The re-conceptualization of “diversity” by the Supreme Court of Canada in two recent decisions portends critical shifts in the way Canadians think about their country, their society and perhaps even themselves.
It’s important to note that in Law Society of British Columbia v. Trinity Western University and Trinity Western University v. Law Society of Upper Canada, the Court did not provide a (re)definition of diversity or explain the (new) concept envisioned by classifying diversity as a Charter “value.” Yet its rulings enabled a reducing of the context for the Court’s consideration of diversity from a broad concept involving the national fabric to a concept that can be applied to a single, specific profession such as the law. Then “diversity” was reduced more narrowly to a single private institution – Trinity Western University – and finally to consideration of one potential future applicant.
This hypothetical applicant is a (hypothetical) member of the LGBTQ community who desires to attend a Christian university, and objects to the Christian beliefs and practices of the university. Despite not actually existing, the applicant has, for some reason, chosen not to attend, or is otherwise unable to attend, one of 19 public university law schools in Canada, narrowing his or her prospect of attending law school to one seat at Trinity Western out of the 10,000-plus available nationwide. (Based on Trinity Western’s history, one cannot assume for a moment that the law school’s academic standards would be at or near the low end of national standards, i.e. academically, it would be easier to get into many other Canadian schools.)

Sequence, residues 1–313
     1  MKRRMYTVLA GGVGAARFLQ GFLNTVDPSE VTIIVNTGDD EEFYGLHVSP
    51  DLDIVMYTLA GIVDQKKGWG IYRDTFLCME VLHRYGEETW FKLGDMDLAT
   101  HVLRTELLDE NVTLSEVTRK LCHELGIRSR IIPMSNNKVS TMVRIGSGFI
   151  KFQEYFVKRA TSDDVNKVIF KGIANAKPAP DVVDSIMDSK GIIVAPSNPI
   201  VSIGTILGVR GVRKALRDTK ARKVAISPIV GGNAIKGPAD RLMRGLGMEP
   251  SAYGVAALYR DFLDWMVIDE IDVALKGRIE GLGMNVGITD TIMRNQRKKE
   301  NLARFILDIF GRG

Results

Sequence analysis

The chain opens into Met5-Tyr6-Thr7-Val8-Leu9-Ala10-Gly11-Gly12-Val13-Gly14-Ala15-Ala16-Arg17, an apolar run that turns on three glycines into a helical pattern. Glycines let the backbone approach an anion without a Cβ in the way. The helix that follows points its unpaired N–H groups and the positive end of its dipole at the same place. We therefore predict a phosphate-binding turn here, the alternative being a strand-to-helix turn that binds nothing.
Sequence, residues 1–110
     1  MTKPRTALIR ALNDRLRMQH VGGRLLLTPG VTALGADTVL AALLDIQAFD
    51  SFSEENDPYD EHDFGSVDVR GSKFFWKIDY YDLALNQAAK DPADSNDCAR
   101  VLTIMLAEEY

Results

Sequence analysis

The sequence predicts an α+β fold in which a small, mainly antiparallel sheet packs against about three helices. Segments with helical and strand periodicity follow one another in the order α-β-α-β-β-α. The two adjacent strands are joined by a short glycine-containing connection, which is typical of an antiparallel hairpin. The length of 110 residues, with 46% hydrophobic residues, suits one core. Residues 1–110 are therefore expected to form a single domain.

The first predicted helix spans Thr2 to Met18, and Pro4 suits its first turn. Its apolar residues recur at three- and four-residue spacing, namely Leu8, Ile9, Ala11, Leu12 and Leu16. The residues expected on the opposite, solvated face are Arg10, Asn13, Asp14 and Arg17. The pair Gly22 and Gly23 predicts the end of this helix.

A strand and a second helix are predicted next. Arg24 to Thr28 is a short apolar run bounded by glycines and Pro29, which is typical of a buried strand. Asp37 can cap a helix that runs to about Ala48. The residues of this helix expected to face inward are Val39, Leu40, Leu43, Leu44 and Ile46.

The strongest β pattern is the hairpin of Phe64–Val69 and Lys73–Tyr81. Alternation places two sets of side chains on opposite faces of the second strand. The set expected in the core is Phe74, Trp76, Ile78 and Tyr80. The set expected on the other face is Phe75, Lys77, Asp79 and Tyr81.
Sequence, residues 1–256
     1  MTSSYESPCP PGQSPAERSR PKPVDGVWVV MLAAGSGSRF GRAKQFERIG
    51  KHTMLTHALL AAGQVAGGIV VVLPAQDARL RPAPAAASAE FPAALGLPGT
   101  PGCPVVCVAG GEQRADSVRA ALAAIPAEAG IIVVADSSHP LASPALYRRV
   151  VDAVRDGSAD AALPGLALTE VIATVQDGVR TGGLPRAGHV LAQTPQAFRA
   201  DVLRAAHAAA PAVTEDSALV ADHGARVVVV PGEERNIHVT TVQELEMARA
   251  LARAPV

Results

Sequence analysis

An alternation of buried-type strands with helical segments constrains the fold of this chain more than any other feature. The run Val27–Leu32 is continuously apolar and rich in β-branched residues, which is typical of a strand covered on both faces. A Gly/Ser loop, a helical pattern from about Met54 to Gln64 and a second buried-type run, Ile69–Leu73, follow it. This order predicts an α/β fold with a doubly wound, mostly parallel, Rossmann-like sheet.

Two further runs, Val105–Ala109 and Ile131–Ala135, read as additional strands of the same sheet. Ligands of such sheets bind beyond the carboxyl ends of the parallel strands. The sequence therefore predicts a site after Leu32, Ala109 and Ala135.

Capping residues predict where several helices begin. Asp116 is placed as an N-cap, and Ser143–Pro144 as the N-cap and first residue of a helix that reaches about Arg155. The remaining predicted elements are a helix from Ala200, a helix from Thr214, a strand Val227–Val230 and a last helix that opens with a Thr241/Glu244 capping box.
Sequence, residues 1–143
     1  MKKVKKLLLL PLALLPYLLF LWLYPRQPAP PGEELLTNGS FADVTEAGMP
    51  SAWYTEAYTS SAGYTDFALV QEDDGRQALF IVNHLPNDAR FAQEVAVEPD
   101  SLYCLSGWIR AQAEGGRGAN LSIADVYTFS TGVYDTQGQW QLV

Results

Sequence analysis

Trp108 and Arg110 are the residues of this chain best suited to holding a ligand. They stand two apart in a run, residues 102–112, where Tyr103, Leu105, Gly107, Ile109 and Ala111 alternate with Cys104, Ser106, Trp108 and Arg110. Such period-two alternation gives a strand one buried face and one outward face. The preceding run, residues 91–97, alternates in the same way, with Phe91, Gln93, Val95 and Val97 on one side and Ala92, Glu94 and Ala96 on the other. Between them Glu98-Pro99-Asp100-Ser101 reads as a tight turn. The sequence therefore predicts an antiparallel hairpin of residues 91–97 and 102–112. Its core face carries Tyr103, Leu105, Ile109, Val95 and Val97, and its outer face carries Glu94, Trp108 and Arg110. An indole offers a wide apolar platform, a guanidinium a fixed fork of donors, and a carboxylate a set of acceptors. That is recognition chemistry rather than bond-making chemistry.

The narrow requirement of responsibility for diversity in the venue of private education, specifically pertaining to equality of opportunity for potential LGBTQ students, was accepted by a majority of the Supreme Court of Canada as a reasonable concern for the two government regulatory agencies to have and to hold in withholding their approval of the proposed law school. This is the standard that applies to the law societies as government regulatory bodies, not a standard that would otherwise apply to Trinity Western. The school was compliant with all academic, legal and constitutional human rights requirements for a university. (Trinity Western complies with the B.C. Human Rights Code. Other Canadian courts have found the Charter has no application to publicly funded universities, and therefore would not be applicable to a private university.)